Scotland Independence Referendum

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    ‘Emotive nationalism’ does not explain Scotland’s young ‘Yes’ voters

‘Emotive nationalism’ does not explain Scotland’s young ‘Yes’ voters

The independence referendum of 2014 granted 16 and 17 year old Scots the right to vote in a nationwide contest for the first time, with the increased political engagement of young people proving to be one of the key positives to come out of the election. Here, Maddie Breeze, Hugo Gorringe, Lynn Jamieson and Michael Rosie look at the attitudes of those […]

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    Jim Murphy faces a formidable challenge in ‘refounding’ Scottish Labour

Jim Murphy faces a formidable challenge in ‘refounding’ Scottish Labour

The new leader of Scottish Labour, Jim Murphy seems like the right person to help Labour recover its position in Scotland. However, he faces significant obstacles, not least that many voters see Scottish Labour as essntially a branch plant of UK Labour. Here, Eric Shaw summarises the challenges and points to some of the radical themes Murphy has been sounding in trying to turn the tide. 

It seems […]

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    Lessons from Québec on avoiding another Scottish referendum

Lessons from Québec on avoiding another Scottish referendum

Parallels have been drawn between the independence movements of Québec and Scotland, with the former twice rejecting the option to become an independent state in referendums on the issue. Scotland did likewise this year, opting to remain a part of the UK. Frédéric Bastien that Québec has lessons to teach the UK on avoiding a “neverendum” on the issue. 

Will the Scots […]

Year in review: the 2014 Scottish Independence Referendum

The Scottish independence referendum on the 18th of September was this past year’s – and perhaps our generation’s – key political event. To mark the end of 2014 we’ve compiled some of our top articles which analysed important aspects of the Scottish question and campaign, and which speak to the significance of the event and its ongoing constitutional and political ramifications. For our […]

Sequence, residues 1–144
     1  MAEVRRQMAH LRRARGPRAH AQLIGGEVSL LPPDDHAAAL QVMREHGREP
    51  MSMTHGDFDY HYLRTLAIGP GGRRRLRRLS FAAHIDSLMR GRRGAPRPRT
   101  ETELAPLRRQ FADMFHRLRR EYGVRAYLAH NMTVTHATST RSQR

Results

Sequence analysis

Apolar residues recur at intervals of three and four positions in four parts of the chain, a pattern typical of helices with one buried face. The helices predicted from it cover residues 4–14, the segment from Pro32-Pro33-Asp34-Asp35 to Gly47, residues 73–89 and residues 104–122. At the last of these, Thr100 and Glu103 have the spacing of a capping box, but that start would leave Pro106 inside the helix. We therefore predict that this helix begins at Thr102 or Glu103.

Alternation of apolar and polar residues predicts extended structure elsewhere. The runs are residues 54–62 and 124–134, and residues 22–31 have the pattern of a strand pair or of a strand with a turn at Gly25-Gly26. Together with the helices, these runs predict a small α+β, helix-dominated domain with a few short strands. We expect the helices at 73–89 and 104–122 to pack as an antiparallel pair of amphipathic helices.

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    English Votes for English Laws is the start of a longer process that will change how we think about the territories of the UK

English Votes for English Laws is the start of a longer process that will change how we think about the territories of the UK

The announcement by William Hague of a range of options for English Votes for English Laws should be seen as the start of a wider process, says Charlie Jeffery. That process is likely to include, at least, a clearer separation of England and Wales as jurisdictions and reform of how Westminster and Whitehall – not to mention the electorate […]

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    English Votes for English Laws is a constitutional issue which has become intensely political

English Votes for English Laws is a constitutional issue which has become intensely political

Hours after the Scottish independence referendum results were in, David Cameron announced that any further devolution to Scotland would be linked to a resolution of the ‘West Lothian question’, whereby Scottish MPs are able to vote for legislation in Westminster that affects England but not their own constituencies. William Hague was tasked with leading a consultation process on the issue of English […]

Scotland: if not independence then a federacy?

Now that the Smith Commission has reported, are we closer to the federal vision that some have conceived as an alternative to Scottish independence? Rather than a federation, Eve Hepburn writes that Scotland may come to resemble a different, lesser known ‘f-word’; a federacy, where there is considerable self-rule, but much less shared-rule than envisaged in federations. 

A great deal of analysis has gone into why Scotland voted ‘No’ […]

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    The total devolution of income tax to Scotland presents a number of important economic issues

The total devolution of income tax to Scotland presents a number of important economic issues

The Smith Commission report advocates an extensive devolution of fiscal powers to Scotland. But is it optimal that all of the tax devolution is concentrated into one tax, namely income tax? Ronnie MacDonald argues that there are many problems with this devolution arrangement, not least its implications for macroeconomic stability. Allowing the Scottish Government to, say, vary corporation tax by 3-4 per cent alongside significant income tax devolution would be much […]